That said: it's 15 years behind the times now. No major improvements have been made (some, yes, but nothing major). Dave is basically right - and we were in the last year trying to break with the old hardware design, though there was one last big step left in it that actually got to the early prototype stage (AAA). We hadn't planned out where software would go, but if you look at what Apple did you probably get a hint of what we might have done. It would have been tough, though, since we didn't have the resources to throw at emulation at the time that Apple did. In the last year, the SW group (which I ended up running a good part of) was down to a handful of people ( 10 I think). I think the "OS" group was down to maybe 3 or so. The writing was mostly on the wall by around a year before *poof*, and much of the team left in '92-93 to places like Scala (where many still are, and where I went after bankruptcy), 3DO (which had a strong ex-Amiga and ex-Commodore influence from the start), etc.

I wish it had been open-sourced back in '95 or so. It may not have survived intact, but it might have formed the core for a strong competitor to Linux/etc and at least pushed them to improve their responsiveness much earlier on.


Submission + - Robot Discovers Itself and Adapts to Injury

androthi writes: Nothing can possibly go wrong ... go wrong ... go wrong ... The truth behind the old joke is that most robots are programmed with a fairly rigid "model" of what they and the world around them are like. If a robot is damaged or its environment changes unexpectedly, it can't adapt.

Cornell researchers have built a robot that works out its own model of itself and can revise the model to adapt to injury. First, it teaches itself to walk. Then, when damaged, it teaches itself to limp.

Although the test robot is a simple four-legged device, the researchers say the underlying algorithm could be used to build more complex robots that can deal with uncertain situations, like space exploration, and may help in understanding human and animal behavior.

Submission + - Here come the Leonids 2006

yukk writes: "The nights and early morning hours of November 17-19 mark the return of the Leonid meteor shower to the skies of Earth. Viewers along the northeastern coast of the United States and Canada, as well as people in Europe and western Africa might get to see a possible "outburst" of as many as 100-600 meteors per hour. This spike in activity is predicted for 11:45 p.m. — 1:33 a.m. EST on November 18-19 (4:45 — 6:33 UT on November 19). Get the scoop here."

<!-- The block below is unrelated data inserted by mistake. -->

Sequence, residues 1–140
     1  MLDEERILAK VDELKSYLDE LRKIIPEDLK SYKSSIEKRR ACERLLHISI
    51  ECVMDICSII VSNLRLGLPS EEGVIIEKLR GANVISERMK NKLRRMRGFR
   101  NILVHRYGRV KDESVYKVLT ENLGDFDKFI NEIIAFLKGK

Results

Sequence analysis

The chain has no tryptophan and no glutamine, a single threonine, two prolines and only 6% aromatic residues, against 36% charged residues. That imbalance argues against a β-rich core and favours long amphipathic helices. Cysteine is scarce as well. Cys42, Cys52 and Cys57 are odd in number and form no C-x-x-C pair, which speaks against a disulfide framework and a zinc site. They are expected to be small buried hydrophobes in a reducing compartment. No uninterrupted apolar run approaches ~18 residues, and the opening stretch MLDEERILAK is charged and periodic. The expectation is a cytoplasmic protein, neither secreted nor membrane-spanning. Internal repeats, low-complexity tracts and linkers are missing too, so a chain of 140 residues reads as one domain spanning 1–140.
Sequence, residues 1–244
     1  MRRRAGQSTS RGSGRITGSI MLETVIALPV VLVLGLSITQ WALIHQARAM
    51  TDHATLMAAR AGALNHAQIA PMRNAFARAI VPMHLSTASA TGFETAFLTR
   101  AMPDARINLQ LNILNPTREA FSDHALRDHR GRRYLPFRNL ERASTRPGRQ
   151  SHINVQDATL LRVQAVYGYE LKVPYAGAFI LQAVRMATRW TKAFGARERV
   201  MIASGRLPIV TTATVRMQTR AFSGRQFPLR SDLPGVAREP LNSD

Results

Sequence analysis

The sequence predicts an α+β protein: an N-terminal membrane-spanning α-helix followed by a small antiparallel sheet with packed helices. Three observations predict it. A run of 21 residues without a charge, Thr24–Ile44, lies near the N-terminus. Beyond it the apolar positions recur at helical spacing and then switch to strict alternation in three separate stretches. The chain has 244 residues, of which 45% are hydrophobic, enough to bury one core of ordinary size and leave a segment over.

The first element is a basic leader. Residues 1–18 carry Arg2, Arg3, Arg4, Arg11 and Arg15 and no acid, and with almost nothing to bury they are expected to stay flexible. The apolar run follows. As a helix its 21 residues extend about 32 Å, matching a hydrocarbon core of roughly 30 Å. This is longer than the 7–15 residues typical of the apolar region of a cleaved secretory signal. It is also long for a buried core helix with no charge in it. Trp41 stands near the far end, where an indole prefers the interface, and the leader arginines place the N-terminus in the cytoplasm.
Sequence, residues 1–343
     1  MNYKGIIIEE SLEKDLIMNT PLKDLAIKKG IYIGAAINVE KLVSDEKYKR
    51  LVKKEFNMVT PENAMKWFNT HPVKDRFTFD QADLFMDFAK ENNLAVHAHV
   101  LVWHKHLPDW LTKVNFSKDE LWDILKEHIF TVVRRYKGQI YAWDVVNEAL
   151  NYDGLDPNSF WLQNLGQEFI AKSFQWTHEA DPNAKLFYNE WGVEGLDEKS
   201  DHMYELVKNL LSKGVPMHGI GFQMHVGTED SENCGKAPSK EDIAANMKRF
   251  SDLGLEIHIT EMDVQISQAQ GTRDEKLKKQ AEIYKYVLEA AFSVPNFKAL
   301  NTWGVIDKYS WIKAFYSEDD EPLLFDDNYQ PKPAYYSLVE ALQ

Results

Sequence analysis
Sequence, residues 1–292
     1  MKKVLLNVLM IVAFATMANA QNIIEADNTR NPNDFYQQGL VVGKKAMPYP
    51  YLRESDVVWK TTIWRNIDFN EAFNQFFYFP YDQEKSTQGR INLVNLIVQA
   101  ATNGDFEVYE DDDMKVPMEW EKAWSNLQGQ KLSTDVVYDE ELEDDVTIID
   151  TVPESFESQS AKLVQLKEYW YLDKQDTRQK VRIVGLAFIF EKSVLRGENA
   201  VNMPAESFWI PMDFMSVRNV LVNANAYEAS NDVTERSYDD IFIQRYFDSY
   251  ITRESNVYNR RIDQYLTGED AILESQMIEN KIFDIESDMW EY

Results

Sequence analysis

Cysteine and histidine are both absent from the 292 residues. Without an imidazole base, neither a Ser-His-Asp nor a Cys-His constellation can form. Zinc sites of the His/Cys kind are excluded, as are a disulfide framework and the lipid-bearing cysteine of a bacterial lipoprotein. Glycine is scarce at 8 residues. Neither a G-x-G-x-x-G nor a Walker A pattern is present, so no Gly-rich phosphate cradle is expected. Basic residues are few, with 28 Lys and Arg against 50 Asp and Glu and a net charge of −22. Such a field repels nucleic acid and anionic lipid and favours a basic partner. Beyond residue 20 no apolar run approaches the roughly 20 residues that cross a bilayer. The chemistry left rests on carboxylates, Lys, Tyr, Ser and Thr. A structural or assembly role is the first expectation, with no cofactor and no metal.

User Journal

Submission + - Internet gambling legislation leads to... cheap MS

daveo0331 writes: As you may know, in October the US passed legislation that tries to limit online gambling (it hasn't proven to be very effective, but that's a different story). The law happens to blatantly violate WTO rules because it differentiates between different forms of online gambling and, in the process, gives preferential treatment to domestic gambling sites over foreign ones. Then again, who cares? It's not like the US cares about international law or what the rest of the world thinks.

This is where it gets interesting. Antigua has complained to the WTO about this. And, the US doesn't have much of a case. The WTO has already ruled in favor of Antigua, and that was before the legislation even passed. Antigua's case is even stronger now. At this point, you may be saying so what, Antigua can't really hurt the US with trade sanctions. But the WTO can do a lot more than just authorize trade sanctions. They can exempt Antigua from their WTO obligations, specifically their obligation to support US intellectual property laws. I wonder what the RIAA would think of cheap-mp3s.ag, 100% legal according to international law? Maybe the corporate lobbyists can get the US to actually respect things like their treaty obligations and international law.